Chapter 17

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Chapter 17 Sequencing, Gradualism, and the Political Economy of Adjustment © Pierre-Richard Agénor The World Bank 1

   

Stabilization and Structural Adjustment The Order of Liberalization Political Restraints and Economic Reforms Shock Treatment or Gradual Approach


Recent literature has focused on three issues:  timing of reforms;  sequencing of reforms;  speed of reforms.


Stabilization and Structural Adjustment


 

Policy complimentarity between macroeconomic adjustments and structural adjustments man argument in favor of shock therapy. However, may also have conflicting effects. Structural policies may have a longer time frame than short-run macroeconomic policies. Importance of interpreting and understanding price signals supports stabilization objective proceeding first.


The Order of Liberalization


Many distortions simultaneously present in an economy. First-best solution would be to remove all distortions at once; never a realistic option in practice. In reality, second-best solution must then be optimized as a combination of,  sequencing measures that are broad enough in scope to ensure a first-best solution in the long run;  minimizing adjustment costs.


Liberalization of External Accounts 

Sequencing trade and capital account liberalization:  Many economists have argued to liberalize trade prior to the capital accounts.  Reason: capital inflows resulting from capital account liberalization may cause real appreciation while nascent trade liberalization requires a real depreciation.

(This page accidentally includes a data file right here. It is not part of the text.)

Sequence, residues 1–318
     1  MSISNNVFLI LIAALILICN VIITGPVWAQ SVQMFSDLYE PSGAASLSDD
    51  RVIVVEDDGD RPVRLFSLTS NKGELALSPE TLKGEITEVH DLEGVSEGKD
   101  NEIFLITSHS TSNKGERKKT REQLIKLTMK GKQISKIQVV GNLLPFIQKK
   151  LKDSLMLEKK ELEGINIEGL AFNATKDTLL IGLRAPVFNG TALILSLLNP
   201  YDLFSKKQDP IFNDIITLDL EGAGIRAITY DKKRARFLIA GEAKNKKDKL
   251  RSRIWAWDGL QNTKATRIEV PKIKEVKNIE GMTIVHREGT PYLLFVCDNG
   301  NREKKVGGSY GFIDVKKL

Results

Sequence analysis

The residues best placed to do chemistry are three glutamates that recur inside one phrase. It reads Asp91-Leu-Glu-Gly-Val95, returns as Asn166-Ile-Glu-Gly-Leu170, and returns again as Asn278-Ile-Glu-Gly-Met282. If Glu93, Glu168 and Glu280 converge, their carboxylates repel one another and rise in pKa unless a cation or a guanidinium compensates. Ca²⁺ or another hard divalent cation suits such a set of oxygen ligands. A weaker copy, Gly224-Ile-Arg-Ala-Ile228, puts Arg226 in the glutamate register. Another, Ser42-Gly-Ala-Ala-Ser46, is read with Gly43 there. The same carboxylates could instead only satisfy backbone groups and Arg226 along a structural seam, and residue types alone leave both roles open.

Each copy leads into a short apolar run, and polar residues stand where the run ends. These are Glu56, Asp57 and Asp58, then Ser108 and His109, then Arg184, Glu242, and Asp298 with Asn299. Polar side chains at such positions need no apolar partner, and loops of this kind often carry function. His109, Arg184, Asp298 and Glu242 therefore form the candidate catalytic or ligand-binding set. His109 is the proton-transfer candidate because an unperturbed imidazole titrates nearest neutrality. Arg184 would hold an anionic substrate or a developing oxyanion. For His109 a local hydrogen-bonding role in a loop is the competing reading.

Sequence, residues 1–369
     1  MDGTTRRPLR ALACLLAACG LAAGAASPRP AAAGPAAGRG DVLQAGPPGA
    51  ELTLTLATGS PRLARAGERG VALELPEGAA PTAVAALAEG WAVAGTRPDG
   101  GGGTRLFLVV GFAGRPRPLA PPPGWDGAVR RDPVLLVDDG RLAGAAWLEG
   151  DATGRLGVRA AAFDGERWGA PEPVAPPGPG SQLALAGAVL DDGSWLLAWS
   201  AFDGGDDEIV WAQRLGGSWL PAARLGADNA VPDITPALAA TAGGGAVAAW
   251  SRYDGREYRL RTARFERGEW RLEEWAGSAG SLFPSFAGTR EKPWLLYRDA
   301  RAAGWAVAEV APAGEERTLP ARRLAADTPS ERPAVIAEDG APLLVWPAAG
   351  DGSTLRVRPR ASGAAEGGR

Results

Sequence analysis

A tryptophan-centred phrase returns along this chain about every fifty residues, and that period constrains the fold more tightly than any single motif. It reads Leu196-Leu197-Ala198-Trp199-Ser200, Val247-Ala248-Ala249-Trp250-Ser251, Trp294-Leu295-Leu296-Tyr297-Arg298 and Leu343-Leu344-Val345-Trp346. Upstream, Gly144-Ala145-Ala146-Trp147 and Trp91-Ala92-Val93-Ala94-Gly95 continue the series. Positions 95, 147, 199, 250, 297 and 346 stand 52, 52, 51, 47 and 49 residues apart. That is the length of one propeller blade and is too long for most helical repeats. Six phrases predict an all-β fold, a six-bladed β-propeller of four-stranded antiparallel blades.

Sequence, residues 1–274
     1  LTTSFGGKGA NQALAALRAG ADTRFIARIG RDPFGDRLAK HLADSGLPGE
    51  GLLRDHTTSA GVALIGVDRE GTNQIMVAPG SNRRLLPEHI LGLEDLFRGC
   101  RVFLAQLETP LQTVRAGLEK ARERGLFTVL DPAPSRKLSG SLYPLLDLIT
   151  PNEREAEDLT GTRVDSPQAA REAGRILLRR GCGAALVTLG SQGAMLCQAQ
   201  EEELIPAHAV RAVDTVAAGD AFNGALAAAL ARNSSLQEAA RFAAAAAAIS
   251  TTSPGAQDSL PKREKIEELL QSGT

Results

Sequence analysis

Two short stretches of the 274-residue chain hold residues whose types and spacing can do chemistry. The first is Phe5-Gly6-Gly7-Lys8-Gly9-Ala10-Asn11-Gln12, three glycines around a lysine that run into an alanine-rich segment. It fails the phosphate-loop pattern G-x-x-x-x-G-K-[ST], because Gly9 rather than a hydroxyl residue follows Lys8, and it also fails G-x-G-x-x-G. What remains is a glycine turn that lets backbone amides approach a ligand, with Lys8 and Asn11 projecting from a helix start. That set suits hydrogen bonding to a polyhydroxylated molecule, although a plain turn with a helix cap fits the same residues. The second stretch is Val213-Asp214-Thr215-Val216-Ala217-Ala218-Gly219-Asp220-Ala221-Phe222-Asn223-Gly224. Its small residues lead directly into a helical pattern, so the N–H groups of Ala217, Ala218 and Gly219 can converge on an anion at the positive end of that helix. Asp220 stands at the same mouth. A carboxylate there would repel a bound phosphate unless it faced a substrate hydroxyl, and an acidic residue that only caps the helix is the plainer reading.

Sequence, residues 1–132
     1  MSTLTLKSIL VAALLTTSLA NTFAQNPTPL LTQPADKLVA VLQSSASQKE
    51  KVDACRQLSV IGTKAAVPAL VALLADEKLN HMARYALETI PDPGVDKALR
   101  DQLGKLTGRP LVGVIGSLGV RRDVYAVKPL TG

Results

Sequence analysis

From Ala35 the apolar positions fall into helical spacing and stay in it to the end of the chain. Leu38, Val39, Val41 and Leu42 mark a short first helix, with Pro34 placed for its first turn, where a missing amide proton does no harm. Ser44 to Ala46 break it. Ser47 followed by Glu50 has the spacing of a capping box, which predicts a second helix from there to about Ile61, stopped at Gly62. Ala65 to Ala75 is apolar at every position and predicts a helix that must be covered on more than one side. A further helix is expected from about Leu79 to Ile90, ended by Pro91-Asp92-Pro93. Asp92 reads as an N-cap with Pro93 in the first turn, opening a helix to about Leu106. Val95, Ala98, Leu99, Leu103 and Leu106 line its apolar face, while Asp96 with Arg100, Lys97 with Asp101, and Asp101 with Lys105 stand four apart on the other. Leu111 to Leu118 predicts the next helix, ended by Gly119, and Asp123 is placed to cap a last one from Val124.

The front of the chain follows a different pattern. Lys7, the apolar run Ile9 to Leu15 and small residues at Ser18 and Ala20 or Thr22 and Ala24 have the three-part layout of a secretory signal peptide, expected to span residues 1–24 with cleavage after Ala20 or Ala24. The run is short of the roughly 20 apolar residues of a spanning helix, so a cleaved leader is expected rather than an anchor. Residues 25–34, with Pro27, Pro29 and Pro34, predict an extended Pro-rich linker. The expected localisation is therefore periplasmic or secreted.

Edwards and Van Wijnbergen (1986):  Evaluated welfare effects of liberalization.  Conclusion 1: liberalization can have ambiguous effects on welfare because of three types of effects:  direct effects, occur in the market and time period in which the reform has taken place;  intratemporal indirect effects, occur within the period in which the reform occurs because of the interaction between two or more distortions in different markets;


intertemporal indirect effects, result from the inherently dynamic nature of liberalization policies. They imply that a reform in one period may alter the equilibrium in distorted markets in the next period.  Conclusion 2: current account should be opened first. Implication of uncertainty: Conley and Maloney (1995):  Considered a two-period model with uncertain benefits to economic liberalization.  Two-part liberalization program:  current account liberalization in period 1; 10  complete opening of capital account. 

With uncertain benefits, agents base consumption path on marginal productivity of capital in period 2. Liberalization will thus lead to a surge in consumption, a current account deficit, and an increase in foreign borrowing by private agents. Ex post potential for boom-bust cycles.


Financial Reform and the Capital Account 

Capital outflows: spurred by capital account liberalization in the face of financial repression.  Particularly large when credibility (sustainability) of the structural reform not fully established.  Many economists agree; capital account should only be opened after financial market liberalization. Prudential supervision and regulation of the banking system concurrent with financial liberalization vital. 12

Sequencing Labor Market Reforms Edwards (1989):  Labor mobility needed to facilitate the reallocation of resources across sectors. Labor reform should precede trade reform.  Wage formation and macroeconomic stability; tying wages to future inflation rather than past inflation.  Labor reforms be a contemporary to macroeconomic reforms.  However, difficult to introduce (Agénor, 1996).


Political Constraints and Economic Reforms


New political economy analyzes economic policy from both a normative and positive perspective. Normative: issues related to the effect of institutions on policy formation. Positive: focusing on the types of policies that are more likely to emerge from specific political and institutional settings.


Modeling Political Conflict 

  